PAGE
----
Liver sinusoidal endothelial cell

Liver sinusoidal endothelial cells (LSECs) form the lining of the smallest blood vessels in the liver, also called the hepatic sinusoids. LSECs are highly specialized endothelial cells with characteristic morphology and function. They constitute an important part of the reticuloendothelial system (RES).

Lymphatic system

The lymphatic system is part of the vascular system and an important part of the immune system, comprising a large network of lymphatic vessels that carry a clear fluid called lymph (from Latin, lympha meaning "water") directionally towards the heart. The lymphatic system was first described in the seventeenth century independently by Olaus Rudbeck and Thomas Bartholin. Unlike the circulatory system, the lymphatic system is not a closed system. The human circulatory system processes an average of 20 litres of blood per day through capillary filtration, which removes plasma while leaving the blood cells. Roughly 17 litres of the filtered plasma is reabsorbed directly into the blood vessels, while the remaining three litres remain in the interstitial fluid. One of the main functions of the lymph system is to provide an accessory return route to the blood for the surplus three litres.The other main function is that of defense in the immune system. Lymph is very similar to blood plasma: it contains lymphocytes. It also contains waste products and cellular debris together with bacteria and proteins. Associated organs composed of lymphoid tissue are the sites of lymphocyte production. Lymphocytes are concentrated in the lymph nodes. The spleen and the thymus are also lymphoid organs of the immune system. The tonsils are lymphoid organs that are also associated with the digestive system. Lymphoid tissues contain lymphocytes, and also contain other types of cells for support. The system also includes all the structures dedicated to the circulation and production of lymphocytes (the primary cellular component of lymph), which also includes the bone marrow, and the lymphoid tissue associated with the digestive system.The blood does not come into direct contact with the parenchymal cells and tissues in the body (except in case of an injury causing rupture of one or more blood vessels), but constituents of the blood first exit the microvascular exchange blood vessels to become interstitial fluid, which comes into contact with the parenchymal cells of the body. Lymph is the fluid that is formed when interstitial fluid enters the initial lymphatic vessels of the lymphatic system. The lymph is then moved along the lymphatic vessel network by either intrinsic contractions of the lymphatic passages or by extrinsic compression of the lymphatic vessels via external tissue forces (e.g., the contractions of skeletal muscles), or by lymph hearts in some animals. The organization of lymph nodes and drainage follows the organization of the body into external and internal regions; therefore, the lymphatic drainage of the head, limbs, and body cavity walls follows an external route, and the lymphatic drainage of the thorax, abdomen, and pelvic cavities follows an internal route. Eventually, the lymph vessels empty into the lymphatic ducts, which drain into one of the two subclavian veins, near their junction with the internal jugular veins.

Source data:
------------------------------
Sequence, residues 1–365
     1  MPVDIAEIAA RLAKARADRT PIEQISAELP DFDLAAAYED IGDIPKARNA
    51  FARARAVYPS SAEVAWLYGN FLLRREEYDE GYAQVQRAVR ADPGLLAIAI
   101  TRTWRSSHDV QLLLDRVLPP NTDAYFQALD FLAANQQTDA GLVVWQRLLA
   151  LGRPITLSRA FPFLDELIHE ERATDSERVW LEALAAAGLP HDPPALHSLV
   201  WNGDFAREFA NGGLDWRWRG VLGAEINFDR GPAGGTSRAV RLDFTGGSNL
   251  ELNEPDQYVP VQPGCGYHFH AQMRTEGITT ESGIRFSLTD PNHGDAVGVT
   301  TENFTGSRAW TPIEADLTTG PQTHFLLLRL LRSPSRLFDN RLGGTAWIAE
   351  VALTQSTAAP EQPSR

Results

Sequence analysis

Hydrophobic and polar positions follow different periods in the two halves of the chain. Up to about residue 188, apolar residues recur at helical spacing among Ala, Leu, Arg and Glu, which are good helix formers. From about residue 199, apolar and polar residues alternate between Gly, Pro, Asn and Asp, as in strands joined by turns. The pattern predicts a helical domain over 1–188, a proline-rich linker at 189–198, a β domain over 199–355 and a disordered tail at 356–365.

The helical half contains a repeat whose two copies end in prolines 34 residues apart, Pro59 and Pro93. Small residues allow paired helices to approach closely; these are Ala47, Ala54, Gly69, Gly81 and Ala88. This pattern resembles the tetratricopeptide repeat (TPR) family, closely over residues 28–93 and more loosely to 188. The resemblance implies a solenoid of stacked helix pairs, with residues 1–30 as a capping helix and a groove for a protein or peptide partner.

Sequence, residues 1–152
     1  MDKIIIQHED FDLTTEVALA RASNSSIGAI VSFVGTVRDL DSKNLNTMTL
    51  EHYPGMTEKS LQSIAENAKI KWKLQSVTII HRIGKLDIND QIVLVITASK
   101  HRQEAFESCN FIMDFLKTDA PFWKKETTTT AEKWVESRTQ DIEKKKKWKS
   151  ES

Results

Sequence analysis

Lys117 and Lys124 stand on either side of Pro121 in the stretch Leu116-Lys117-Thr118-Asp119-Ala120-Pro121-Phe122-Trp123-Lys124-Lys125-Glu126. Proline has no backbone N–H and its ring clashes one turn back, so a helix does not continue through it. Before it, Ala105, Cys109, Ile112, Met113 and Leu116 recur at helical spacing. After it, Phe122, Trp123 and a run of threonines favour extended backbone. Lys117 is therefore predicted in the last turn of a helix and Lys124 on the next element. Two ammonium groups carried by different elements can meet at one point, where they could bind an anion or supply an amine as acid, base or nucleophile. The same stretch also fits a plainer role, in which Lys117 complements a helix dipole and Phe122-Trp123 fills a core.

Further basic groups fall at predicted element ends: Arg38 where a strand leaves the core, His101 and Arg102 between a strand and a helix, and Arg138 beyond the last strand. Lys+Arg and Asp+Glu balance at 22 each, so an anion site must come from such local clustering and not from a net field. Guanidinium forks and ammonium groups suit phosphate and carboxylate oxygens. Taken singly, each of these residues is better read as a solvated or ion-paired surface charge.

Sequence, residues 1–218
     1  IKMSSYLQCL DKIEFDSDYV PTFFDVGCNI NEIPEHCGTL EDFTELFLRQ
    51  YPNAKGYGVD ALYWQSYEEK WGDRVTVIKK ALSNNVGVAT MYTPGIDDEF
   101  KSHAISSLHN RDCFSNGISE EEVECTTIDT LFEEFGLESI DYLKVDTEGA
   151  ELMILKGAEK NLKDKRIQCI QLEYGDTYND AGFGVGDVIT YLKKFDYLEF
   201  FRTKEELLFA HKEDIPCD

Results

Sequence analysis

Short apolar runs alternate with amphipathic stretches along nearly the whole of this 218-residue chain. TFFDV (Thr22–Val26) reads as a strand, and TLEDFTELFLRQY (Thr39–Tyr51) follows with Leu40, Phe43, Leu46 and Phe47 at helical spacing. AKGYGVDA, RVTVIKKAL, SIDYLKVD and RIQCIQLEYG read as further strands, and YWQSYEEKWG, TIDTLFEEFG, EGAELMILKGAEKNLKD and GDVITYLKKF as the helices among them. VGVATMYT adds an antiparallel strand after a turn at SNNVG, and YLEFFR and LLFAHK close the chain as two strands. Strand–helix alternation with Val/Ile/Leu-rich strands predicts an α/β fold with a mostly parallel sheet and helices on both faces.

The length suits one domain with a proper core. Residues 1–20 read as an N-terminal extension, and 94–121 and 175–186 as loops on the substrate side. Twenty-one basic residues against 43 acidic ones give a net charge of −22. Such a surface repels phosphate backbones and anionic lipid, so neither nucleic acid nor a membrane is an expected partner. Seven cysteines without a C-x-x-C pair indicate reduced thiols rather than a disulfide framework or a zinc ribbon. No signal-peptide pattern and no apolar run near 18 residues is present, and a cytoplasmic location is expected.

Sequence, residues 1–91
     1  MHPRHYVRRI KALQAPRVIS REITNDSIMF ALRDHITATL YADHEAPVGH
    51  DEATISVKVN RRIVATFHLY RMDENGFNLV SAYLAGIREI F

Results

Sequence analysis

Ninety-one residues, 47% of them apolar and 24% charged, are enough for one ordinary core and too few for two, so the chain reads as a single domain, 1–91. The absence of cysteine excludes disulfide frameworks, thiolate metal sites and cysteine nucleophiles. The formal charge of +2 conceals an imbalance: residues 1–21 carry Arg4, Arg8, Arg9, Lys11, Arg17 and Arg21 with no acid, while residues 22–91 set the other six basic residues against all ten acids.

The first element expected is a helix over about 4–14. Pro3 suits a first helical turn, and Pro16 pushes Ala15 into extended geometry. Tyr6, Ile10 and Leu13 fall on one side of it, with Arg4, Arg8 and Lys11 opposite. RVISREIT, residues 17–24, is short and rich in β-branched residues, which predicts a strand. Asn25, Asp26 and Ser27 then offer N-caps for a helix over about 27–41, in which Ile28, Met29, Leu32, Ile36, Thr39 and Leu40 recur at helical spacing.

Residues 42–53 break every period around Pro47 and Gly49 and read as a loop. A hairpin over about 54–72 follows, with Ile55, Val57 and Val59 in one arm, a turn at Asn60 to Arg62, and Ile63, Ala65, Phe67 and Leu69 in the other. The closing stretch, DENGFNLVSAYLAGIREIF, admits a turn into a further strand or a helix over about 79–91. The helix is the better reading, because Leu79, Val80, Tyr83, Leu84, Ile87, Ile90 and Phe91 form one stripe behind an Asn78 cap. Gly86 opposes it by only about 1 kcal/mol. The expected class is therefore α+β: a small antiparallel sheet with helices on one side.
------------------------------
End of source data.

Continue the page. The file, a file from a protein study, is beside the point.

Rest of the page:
Macrophage

Macrophages (Greek: big eaters, from Greek μακρός (makrós) = large, φαγείν (phageín) = to eat) are a type of white blood cell, of the immune system, that engulfs and digests cellular debris, foreign substances, microbes, cancer cells, and anything else that does not have the type of proteins specific to healthy body cells on its surface in a process called phagocytosis.

These large phagocytes are found in essentially all tissues, where they patrol for potential pathogens by amoeboid movement. They take various forms (with various names) throughout the body (e.g., histiocytes, Kupffer cells, alveolar macrophages, microglia, and others), but all are part of the mononuclear phagocyte system. Besides phagocytosis, they play a critical role in nonspecific defense (innate immunity) and also help initiate specific defense mechanisms (adaptive immunity) by recruiting other immune cells such as lymphocytes. For example, they are important as antigen presenters to T cells. In humans, dysfunctional macrophages cause severe diseases such as chronic granulomatous disease that result in frequent infections.

Beyond increasing inflammation and stimulating the immune system, macrophages also play an important anti-inflammatory role and can decrease immune reactions through the release of cytokines. Macrophages that encourage inflammation are called M1 macrophages, whereas those that decrease inflammation and encourage tissue repair are called M2 macrophages. This difference is reflected in their metabolism; M1 macrophages have the unique ability to metabolize arginine to the "killer" molecule nitric oxide, whereas rodent M2 macrophages have the unique ability to metabolize arginine to the "repair" molecule ornithine. However, this dichotomy has been recently questioned as further complexity has been discovered.